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Health Insurance Costs Squeeze 401ks?

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U.S. workers’ wages, adjusted for inflation, are stagnating, but their share of health care costs keeps going up.

“Something has got to give, right? That something could very well be the 401(k) or 403(b) plan,” said Mark Zoril, a personal financial planner and benefits adviser to small companies.

Six in 10 workers agreed: the rising cost of their health insurance “directly affects” how much they set aside in their retirement savings plan at work, according to a new survey gauging the “financial stress” of more than 2,000 full-time employees with health coverage. The random survey was conducted by LIMRA, a life insurance trade association.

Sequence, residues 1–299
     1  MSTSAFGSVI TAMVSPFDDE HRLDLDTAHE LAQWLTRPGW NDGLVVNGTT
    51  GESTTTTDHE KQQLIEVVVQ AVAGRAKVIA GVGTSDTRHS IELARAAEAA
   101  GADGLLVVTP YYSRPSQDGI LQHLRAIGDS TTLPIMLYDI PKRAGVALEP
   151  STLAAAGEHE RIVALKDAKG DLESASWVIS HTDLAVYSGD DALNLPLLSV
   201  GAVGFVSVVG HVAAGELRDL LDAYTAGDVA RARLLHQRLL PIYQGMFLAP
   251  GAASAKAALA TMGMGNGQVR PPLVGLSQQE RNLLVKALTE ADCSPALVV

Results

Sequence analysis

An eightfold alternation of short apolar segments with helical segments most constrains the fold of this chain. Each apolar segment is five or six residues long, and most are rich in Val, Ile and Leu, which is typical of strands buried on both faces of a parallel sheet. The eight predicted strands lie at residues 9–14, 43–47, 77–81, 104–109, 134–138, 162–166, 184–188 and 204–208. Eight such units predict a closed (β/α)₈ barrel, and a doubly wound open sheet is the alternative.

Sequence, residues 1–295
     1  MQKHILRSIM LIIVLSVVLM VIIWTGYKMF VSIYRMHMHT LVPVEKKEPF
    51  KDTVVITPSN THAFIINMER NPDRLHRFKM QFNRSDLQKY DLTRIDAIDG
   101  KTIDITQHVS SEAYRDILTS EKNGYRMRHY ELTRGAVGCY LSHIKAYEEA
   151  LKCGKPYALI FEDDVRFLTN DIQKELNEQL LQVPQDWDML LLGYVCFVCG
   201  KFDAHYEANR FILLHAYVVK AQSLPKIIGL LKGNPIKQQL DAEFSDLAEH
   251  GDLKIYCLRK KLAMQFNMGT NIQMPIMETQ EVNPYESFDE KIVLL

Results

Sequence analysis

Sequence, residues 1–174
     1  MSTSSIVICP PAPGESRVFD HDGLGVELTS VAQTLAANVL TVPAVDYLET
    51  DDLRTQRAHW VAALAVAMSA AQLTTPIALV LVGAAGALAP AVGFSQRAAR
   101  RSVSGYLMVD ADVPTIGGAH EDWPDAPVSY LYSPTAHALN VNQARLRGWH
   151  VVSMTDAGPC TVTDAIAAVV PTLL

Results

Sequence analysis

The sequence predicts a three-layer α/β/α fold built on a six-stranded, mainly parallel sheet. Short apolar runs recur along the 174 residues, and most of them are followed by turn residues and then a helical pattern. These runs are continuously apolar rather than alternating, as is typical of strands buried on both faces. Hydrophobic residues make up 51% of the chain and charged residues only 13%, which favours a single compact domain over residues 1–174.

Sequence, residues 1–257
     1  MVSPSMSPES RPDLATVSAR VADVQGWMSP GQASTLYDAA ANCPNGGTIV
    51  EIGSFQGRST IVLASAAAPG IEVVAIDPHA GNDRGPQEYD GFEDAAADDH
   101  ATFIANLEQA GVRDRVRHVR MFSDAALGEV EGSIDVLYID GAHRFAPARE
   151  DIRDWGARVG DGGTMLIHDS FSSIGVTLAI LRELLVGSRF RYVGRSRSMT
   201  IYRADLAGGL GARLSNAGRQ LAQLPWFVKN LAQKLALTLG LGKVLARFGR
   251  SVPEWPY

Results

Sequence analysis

Despite a slowdown in medical inflation, employees are paying a growing share of the tab for their health care. Average total premiums for family coverage under U.S. employer health plans rose 61 percent between 2005 and 2015, for example, but the employee premium increased 83 percent to $4,995, according to the Kaiser Family Foundation’s annual report. Two out of three individual workers today pay deductibles of at least $1,000, up from 16 percent a decade ago.

Anita Potter, LIMRA’s senior vice president of research, said workplace benefits face increasing competition for workers’ limited resources.

The growing prevalence of high-deductible health plans is one example. They have become a drain on 401(k) contributions, because workers need more cash available to pay potential deductibles that arise suddenly if they or family members become ill. If they don’t have savings, Potter said, “they’re stressing about how can I afford this.”

Chuck Miller, a Chicago communications consultant in retirement services, said employees mistakenly might feel that the 401(k) is an obvious place to cut back. Health care is an immediate and pressing need, while retirement is in the distant future and easy to put off.

“They’re going to pay for food, utilities, housing and healthcare – everything else is extra,” Miller said.

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